So how did it turn out? In the opening matches EG easily beat Team Aster in two very quick games while Fnatic took out Alliance 2-0 as well, though in much more contested games. In the winner’s match Fnatic took down EG 2-0 while Alliance then knocked Aster out in two incredibly quick games, before losing out to EG in a 2-1 group-deciding series. While Fnatic and EG would move on to the upper bracket, Alliance would be put in a difficult position, forced to start the playoff bracket in the nerve testing best of 1 matches.

Playoffs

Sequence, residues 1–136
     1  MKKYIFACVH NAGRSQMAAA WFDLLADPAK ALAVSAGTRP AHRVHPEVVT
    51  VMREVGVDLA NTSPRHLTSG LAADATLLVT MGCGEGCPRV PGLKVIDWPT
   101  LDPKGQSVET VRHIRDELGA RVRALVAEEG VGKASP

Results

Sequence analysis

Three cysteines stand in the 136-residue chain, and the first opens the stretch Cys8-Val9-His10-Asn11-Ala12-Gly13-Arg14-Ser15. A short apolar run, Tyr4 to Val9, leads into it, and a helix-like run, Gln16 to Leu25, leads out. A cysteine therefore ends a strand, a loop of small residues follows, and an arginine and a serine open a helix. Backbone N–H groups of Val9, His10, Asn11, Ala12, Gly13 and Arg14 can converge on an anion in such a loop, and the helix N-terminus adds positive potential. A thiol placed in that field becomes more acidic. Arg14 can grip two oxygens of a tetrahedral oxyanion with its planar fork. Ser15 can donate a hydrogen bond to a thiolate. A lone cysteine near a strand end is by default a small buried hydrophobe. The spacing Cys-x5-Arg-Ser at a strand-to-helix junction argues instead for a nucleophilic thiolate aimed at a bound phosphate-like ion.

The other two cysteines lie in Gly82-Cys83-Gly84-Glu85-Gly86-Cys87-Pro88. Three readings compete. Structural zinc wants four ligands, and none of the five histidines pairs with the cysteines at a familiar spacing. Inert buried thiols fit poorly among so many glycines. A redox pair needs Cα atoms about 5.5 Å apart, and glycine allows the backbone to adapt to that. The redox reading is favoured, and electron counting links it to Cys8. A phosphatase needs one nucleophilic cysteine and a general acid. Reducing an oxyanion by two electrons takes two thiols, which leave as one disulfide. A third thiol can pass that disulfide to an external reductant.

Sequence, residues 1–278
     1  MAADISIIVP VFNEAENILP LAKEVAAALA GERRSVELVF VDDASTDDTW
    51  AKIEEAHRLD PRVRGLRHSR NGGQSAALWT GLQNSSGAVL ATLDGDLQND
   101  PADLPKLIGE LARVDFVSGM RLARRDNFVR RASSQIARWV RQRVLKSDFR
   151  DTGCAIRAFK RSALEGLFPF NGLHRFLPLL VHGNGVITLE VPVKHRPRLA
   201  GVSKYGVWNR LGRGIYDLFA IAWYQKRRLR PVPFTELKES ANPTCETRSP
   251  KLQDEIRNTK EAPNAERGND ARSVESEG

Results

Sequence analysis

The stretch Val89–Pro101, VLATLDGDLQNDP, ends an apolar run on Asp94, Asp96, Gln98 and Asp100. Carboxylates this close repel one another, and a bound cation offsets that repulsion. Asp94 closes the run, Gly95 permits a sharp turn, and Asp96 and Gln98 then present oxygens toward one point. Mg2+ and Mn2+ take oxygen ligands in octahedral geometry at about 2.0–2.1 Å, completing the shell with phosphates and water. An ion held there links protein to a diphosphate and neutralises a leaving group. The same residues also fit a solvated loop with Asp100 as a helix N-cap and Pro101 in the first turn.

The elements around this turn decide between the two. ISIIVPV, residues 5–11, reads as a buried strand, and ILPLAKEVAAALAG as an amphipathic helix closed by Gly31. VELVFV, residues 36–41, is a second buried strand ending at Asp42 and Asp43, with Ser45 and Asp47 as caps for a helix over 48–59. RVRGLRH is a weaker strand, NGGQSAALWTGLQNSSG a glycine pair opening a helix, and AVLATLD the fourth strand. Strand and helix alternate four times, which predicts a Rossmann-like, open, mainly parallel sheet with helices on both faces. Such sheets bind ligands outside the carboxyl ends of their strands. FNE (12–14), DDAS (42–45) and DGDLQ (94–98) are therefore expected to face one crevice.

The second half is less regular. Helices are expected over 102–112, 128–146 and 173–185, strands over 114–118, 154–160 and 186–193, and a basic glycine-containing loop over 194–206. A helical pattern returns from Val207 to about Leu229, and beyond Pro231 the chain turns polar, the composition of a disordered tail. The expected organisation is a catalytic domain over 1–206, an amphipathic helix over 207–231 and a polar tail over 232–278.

After a one day break the double-elimination bracket began at the Chongqing Major. And it began with the scariest games of all, the best of 1 elimination matches. Alliance would find themselves matched up against Chaos Esports. While we had high hopes for Alliance, they would ultimately fall to Chaos here. Unfortunately, best of 1 matches can be very volatile and are probably one of the worst places for a team to find themselves in any bracket. Alliance went for a very atypical draft, relying on a super-core Anti-Mage to win them the late game. On the other side Chaos Esports essentially picked a draft that was as meta as possible, drafting a fast-paced lineup with Sven, Lich, and even Beastmaster. Unfortunately for Alliance their creativity did not lead to success as Chaos rolled over them before miCKe’s Anti-Mage could come online. It’s worth looking forward to Alliance’s next performance as their style has been volatile and while sometimes it hurts them as it did here, it also sometimes leads to incredible results.